Do you enjoy cooking at home?

I enjoy cooking anywhere. It’s the thing that makes me tick in every single way. I just love it: the physicality, the emotional bit. Where the food comes from is utterly tied up in all of that. I feel incredibly lucky – I can’t think of anything else I’d want to do.

How did you come to it?

I was training to be a lawyer. And then I dreamed I was going to be chairman of [the auction house] Christies at one point. I fell into cooking by accident really. I’d spent a summer working on reception at Ballymaloe House and my mother suggested I use the time to decide what I was going to do. At the end of the summer, I still didn’t know what I wanted to do but I certainly didn’t want to go back to college.

If you grate Parmesan on a Microplane and then if you grate it on an old-fashioned box grater, the difference in flavour is phenomenal. It’s so much better off the box grater
Rory on his favourite kitchen objects

You mentioned your mother was a wonderful cook?

She was a very good cook and she liked to cook, so that’s a good combination. Like a lot of people then, her mother and father produced a lot of their own food: there would have been geese and pigs and things from the farm. My grandfather and my grandmother sat down every night on their own after the children had gone to bed and ate in the dining room. And my mother and father did the same. So the table thing was important. It wasn’t grand food – it was really, really good food. But what we also forget is that women at that time were semi-professional; they had so much more knowledge and so much more skill than people have nowadays. That’s just the way society has evolved. We were fortunate enough to live in a house [in Co Laois] with a mother who was a good cook and who also loved to cook, and that was a tremendous advantage.

What kind of thing would she cook?

Roast chicken; the perfect Christmas cake, I mean really perfect; the best plum pudding all bar none, and I’m not emotional about those things, I recognise it as the best – certainly the best I’ve ever tasted.

Every year when we were kids, we went out and picked blackberries and hazelnuts and all of those things. We still do

And do you still make it?

Oh yeah, absolutely: Mummy’s Plum Pudding. She’d do things like chocolate window cake, like Battenburg, with the little different colours of sponge. And she would have made her own jam, her own sponge, her own almond paste. She took pride in things being just correct. We did actually look forward to the next meal and irritatingly we would ask just after lunch what was for supper. Can you imagine cooking for six or seven people pretty much three times a day? I mean we had help in the house, but it was non-stop, absolutely endless.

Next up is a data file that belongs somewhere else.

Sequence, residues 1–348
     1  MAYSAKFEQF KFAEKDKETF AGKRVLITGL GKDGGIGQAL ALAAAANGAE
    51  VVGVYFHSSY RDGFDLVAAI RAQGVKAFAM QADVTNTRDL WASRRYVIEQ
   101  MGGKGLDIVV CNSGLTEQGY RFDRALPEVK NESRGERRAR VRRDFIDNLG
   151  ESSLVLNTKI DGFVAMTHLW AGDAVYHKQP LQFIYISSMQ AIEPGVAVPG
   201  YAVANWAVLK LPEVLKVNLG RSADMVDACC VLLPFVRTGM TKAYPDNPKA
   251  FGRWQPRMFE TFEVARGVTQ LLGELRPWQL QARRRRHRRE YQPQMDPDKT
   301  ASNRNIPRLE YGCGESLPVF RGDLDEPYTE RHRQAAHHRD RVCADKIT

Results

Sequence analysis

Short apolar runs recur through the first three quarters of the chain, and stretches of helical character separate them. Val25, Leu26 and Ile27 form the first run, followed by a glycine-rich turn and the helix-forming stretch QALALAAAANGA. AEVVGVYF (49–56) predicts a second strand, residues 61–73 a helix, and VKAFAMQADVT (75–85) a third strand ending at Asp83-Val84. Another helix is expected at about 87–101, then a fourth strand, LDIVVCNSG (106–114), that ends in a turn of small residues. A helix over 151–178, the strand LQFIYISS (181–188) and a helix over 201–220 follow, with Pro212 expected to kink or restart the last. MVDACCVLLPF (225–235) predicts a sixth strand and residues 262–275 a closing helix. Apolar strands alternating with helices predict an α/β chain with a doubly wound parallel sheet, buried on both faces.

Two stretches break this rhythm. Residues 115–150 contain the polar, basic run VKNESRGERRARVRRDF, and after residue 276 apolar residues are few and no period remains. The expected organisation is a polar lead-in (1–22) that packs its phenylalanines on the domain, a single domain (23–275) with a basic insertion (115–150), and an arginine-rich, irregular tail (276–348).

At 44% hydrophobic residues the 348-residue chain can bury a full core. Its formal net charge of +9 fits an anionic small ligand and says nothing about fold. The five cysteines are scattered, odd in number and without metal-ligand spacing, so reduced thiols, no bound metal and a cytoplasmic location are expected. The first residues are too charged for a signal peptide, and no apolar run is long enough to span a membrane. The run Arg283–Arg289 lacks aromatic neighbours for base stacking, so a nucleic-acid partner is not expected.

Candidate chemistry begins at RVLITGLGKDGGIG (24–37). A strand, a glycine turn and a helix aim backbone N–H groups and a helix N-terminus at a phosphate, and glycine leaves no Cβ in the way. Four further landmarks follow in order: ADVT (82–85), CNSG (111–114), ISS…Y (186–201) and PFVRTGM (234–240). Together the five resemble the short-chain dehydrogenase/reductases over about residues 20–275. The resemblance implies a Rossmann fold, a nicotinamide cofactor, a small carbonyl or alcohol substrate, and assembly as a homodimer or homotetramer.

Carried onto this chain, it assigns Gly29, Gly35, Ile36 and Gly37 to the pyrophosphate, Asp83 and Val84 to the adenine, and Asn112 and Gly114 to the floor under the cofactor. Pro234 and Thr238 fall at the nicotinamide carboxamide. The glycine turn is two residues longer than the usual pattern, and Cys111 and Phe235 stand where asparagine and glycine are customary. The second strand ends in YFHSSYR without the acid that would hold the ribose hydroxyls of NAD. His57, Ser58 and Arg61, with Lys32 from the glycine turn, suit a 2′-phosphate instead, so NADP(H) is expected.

And no dishwashers!

We did have the first dishwasher in the village. We had the first washing machine in the village and the first car in the village; they were quite modern in that respect. We had a good vegetable garden and for a long time we had our own cow, a Kerry cow – the man who worked in the garden said it was him or the cow and the cow went.

So meal-times were central.

I think we didn’t realise then, but in many ways it was very sophisticated: it wasn’t grand but we all sat down. We didn’t have television, because my mother refused to get a television until we had all finished our secondary school education. We all went to a boarding school where the food was really filthy. The boys were lucky because our boarding school was only 20 miles from home – she’d come and visit us maybe twice a month and bring a picnic, and we always felt hard done by because boys with more well-off parents would be taken to the local hotel. Little did we know that we were doing much better.

What would be in the picnic?

Oh, it could be a still-warm roast chicken, her own bread, a great cake of some description – and something for us to take back to bolster what we were being fed.

It sounds like something in a novel… And did your siblings grow up feeling the same way about food?

Yes, we were all totally invested. It sounds a little bit twee, but at this time of year, every year, we went out and picked blackberries and hazelnuts and all of those things. We still do.

This is the first part of our ongoing collaboration with Fáilte Ireland.

For more about Rory O’Connell and Ballymaloe Cookery School, go here. To eat or stay at Ballymaloe House, go here.

Follow Rory: Instagram | Twitter

Posted 16th November 2017

In Interviews


Interview: Sophie Missing
Photographs: Dan Dennison